But before we go on, I’d like to offer an alternate title for this article: Natural DIY Perfumes – Debunking the Online Myth. Most recipes tell you to add a scant few drops of your favourite essential oils to a lot of carrier oil (usually 10 mL), et voilà! You have your own bespoke perfume. Well, oui et non. Yes, the result will be a lovely blend that smells great in the bottle, but it’ll likely be a transitory whiff that simply won’t offer staying power on the skin. After plenty of research, trial and error, what I’ve found is that a perfume that is actually noticeable and long-lasting requires a fair amount of essential oil and a fixative to help those volatile oils from evaporating dans un instant.

My next post will list a variety of essential oils perfect for creating your own light and refreshing personal blend, as well as information on fixatives – the most effective of which are less well known and harder to find. But first…

What You Need to Make Your Own Natural Perfume:

  • a few favourite essential oils, including one fixative
  • a stable carrier oil such as fractionated coconut (my favourite), apricot kernel or jojoba
  • glass bottle – I like to use 5 mL vials with rollerball tops for ease of application
  • small funnel and reusable glass eyedroppers (pipettes) for no-mess dispensing (optional)

How To:

Add essential oils drop by drop to the empty perfume bottle, sniffing as you work • Top up with carrier oil, making sure to leave enough room for the rollerball, which you will insert once you’re satisfied with the blend • Cover the bottle top tightly with plastic wrap and an elastic band, shake thoroughly, and let sit for at least 24 hours to allow the blend to develop • Shake and test periodically, adding more essential oil if necessary (I wear mine after each addition to see how it performs) • Push in the rollerball insert securely and close with the cap • Shake well before each use, and apply sparingly to pulse points.

Here are the scents I came up with for my (imaginary) trip to springtime France. The numbers are the drops needed for each essential oil. Top, middle, base and fixative notes are also indicated.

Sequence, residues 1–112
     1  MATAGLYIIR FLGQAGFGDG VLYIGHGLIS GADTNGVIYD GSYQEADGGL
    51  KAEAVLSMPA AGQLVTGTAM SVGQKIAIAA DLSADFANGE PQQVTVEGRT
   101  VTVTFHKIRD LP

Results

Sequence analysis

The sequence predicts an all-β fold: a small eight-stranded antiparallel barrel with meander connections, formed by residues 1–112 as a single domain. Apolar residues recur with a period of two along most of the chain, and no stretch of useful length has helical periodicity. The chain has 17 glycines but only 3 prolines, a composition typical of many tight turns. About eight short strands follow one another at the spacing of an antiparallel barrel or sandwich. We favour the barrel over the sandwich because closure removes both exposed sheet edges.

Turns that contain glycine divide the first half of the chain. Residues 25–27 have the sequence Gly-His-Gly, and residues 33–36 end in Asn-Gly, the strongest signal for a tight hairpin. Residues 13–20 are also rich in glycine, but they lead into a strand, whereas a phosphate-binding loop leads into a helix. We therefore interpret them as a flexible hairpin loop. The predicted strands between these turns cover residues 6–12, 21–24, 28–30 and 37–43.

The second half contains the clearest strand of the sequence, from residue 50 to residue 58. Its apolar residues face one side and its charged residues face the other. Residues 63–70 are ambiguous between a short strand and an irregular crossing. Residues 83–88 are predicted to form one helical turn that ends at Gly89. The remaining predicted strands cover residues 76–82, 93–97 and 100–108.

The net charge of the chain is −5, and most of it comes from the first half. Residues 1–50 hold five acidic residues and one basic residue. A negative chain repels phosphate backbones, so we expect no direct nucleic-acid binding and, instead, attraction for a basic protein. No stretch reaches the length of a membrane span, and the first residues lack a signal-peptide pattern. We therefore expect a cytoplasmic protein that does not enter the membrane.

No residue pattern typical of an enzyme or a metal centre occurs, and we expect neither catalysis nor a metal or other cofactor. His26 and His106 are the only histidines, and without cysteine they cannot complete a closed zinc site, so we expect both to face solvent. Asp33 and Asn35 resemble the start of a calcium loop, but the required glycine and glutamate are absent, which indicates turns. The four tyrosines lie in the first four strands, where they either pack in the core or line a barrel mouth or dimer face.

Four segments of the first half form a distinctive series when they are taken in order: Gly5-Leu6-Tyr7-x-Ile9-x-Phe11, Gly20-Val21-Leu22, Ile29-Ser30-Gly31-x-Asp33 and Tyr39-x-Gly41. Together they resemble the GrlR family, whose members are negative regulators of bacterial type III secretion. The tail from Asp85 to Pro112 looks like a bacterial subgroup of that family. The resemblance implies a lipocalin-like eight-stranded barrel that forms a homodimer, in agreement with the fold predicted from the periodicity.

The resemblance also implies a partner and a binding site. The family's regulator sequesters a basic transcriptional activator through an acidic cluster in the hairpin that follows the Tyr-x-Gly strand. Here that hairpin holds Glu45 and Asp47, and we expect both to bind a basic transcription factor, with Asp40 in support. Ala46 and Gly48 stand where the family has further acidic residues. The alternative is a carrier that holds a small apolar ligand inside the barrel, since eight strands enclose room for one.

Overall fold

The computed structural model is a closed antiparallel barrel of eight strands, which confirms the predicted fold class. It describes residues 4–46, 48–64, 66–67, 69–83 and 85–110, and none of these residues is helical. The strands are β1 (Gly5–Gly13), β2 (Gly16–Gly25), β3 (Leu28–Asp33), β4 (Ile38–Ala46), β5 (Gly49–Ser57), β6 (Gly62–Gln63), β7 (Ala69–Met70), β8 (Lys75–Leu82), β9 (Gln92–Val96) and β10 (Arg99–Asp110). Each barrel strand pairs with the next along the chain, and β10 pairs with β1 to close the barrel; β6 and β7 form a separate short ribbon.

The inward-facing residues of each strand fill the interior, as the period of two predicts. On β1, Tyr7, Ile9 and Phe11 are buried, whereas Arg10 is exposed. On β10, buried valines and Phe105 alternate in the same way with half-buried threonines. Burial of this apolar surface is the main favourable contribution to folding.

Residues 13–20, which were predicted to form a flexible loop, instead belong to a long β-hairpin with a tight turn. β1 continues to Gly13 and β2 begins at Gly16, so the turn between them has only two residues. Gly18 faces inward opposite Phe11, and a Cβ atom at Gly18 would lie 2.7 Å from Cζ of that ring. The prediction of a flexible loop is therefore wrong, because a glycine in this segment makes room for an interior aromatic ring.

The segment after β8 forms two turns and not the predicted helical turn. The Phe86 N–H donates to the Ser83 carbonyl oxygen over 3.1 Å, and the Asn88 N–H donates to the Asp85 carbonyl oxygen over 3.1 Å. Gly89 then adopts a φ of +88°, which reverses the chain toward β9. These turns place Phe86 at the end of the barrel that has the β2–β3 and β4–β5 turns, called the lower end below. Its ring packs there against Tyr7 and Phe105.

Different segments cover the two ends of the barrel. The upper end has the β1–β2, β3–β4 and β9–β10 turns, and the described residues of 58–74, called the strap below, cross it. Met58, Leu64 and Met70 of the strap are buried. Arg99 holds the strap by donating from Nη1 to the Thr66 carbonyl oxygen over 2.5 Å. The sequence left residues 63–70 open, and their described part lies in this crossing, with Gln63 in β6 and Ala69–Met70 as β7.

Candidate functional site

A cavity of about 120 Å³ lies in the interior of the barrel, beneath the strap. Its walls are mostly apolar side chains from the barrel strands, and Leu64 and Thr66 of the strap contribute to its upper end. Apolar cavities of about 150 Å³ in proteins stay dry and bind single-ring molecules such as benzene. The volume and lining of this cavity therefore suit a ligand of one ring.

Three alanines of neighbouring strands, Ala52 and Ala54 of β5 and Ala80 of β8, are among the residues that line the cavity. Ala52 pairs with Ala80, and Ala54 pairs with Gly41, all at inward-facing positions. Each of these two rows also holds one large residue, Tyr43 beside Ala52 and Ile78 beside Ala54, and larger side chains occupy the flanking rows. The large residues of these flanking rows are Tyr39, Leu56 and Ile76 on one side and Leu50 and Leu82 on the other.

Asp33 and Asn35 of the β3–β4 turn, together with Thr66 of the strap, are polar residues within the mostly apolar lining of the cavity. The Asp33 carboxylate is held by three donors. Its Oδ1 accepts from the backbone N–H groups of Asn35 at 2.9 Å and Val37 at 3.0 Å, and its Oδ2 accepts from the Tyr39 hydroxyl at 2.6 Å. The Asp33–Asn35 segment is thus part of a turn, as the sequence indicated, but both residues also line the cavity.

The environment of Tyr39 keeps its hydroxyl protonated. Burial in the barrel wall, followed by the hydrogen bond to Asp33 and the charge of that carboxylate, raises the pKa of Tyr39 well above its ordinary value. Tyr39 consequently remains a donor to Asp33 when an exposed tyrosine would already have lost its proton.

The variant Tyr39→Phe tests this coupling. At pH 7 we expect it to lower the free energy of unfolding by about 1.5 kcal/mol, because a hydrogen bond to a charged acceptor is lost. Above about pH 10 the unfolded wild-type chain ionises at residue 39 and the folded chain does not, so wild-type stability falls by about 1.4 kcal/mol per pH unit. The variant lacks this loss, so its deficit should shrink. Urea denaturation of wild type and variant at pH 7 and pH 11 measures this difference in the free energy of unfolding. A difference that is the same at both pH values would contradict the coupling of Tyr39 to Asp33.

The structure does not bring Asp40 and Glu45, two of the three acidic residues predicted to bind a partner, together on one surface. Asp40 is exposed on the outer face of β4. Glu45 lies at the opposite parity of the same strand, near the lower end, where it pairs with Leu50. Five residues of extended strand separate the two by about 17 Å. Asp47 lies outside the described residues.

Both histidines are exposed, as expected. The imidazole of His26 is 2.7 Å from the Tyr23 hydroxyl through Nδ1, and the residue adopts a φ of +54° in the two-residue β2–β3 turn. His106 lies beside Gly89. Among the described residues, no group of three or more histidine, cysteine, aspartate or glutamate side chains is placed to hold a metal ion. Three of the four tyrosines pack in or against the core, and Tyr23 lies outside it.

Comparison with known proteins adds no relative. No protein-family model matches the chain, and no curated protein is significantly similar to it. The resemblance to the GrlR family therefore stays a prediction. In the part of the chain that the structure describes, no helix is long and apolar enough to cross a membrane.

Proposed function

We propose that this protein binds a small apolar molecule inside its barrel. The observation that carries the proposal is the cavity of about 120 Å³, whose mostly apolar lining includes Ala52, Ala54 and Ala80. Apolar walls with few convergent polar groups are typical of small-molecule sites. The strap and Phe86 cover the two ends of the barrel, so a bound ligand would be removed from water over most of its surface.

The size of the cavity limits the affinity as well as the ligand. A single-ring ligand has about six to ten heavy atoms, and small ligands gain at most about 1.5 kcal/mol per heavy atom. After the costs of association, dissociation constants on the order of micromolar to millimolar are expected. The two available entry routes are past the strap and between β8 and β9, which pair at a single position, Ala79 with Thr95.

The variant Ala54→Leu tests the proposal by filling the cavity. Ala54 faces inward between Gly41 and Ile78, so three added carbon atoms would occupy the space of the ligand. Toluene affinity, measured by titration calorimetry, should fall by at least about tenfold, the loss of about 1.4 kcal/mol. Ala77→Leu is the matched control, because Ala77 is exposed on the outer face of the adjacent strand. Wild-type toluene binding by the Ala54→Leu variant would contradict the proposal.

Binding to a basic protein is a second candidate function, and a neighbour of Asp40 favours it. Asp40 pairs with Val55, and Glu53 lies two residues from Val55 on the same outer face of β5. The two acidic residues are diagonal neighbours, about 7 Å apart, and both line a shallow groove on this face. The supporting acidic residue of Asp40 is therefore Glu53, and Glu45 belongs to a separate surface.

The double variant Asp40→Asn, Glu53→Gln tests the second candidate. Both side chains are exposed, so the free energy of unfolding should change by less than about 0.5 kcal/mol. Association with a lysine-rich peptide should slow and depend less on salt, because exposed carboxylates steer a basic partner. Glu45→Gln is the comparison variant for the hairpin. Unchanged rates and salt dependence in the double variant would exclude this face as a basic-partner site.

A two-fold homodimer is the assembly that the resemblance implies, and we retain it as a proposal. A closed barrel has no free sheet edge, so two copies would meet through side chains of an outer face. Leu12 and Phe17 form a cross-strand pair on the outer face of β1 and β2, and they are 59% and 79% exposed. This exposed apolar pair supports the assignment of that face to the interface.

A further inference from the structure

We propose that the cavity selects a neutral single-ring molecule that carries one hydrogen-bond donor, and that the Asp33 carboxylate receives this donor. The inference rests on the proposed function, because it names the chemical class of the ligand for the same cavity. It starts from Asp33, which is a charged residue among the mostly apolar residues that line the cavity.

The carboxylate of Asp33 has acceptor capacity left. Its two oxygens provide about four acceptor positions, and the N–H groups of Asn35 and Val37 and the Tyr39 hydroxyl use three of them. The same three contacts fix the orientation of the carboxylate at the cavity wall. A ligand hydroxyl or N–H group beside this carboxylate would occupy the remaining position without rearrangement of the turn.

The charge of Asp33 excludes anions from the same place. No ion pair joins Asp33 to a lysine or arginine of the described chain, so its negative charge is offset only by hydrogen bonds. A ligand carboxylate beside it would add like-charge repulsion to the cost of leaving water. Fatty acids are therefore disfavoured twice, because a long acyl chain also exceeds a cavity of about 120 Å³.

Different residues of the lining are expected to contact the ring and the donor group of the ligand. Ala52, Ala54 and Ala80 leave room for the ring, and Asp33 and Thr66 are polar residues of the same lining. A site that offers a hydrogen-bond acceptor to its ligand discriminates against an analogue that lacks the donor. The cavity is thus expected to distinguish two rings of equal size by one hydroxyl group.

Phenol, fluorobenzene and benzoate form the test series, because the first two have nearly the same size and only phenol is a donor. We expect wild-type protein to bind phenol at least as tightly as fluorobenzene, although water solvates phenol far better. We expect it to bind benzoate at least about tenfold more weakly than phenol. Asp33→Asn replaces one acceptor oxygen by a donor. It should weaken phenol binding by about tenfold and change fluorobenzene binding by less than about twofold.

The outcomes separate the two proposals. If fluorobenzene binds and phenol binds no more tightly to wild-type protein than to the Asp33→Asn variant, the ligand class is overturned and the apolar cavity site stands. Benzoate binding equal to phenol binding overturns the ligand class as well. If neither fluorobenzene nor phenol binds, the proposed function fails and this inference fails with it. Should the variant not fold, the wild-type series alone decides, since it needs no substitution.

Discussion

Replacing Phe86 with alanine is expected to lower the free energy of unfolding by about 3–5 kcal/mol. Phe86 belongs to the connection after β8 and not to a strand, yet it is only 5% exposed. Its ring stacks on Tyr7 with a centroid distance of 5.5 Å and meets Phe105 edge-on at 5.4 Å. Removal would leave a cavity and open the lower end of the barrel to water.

Fleurs de Provence essential oil perfume (5 mL)

A lemon-drop sun and fields of fragrant mauve stretching to a horizon of saturated blue. Sweet citrus and warm cedar round out the sharp hit of lavender in this decidedly feminine scent. The resinous evergreen notes of cistus (Cistus ladaniferus) work particularly well with the perfume’s other bright elements.

35 lemon (t) • 5 lavender (m) • 5 cedarwood (b) • 5 cistus (f) • fractionated coconut oil or carrier oil of your choice

Rain on the Pavement essential oil perfume (5 mL)

If you enjoy sipping café au lait and nibbling orange brioche whilst admiring the reflected lights of la tour Eiffel in the rainwashed street, this crisp and slightly spicy fragrance is for you. Bonus: it’s unisex! 

20 bergamot FCF* (t) • 2 clove (m) • 10 sandalwood (b) • 5 cistus (f) • fractionated coconut oil or carrier oil of your choice

* furocoumarin-free, which means the phytochemicals which cause skin to become photosensitive have been removed; sometimes labelled bergapten-free

Springtime in Paris essential oil perfume (5 mL)

This perfume is my favourite of the three: fresh and floral, with a subtle je ne sais quoi lent by the sandalwood. I use 5% rose and 20% frankincense in jojoba oil as affordable alternatives to the pure oils.

20 sweet orange (t) • 20 rose (m) • 15 sandalwood (b) • 5 frankincense (f) • fractionated coconut oil or carrier oil of your choice

Notes & Cautions:

• Never ingest essential oils • Do not apply undiluted to the skin • Do a patch test first • Avoid using if pregnant • Some essential oils, especially citrus, can cause skin to become photo-sensitive, so keep perfumed skin out of the sun • Test to make sure the bottle doesn’t leak before carrying in your handbag • Keep perfume and essential oils away from heat and direct sunlight.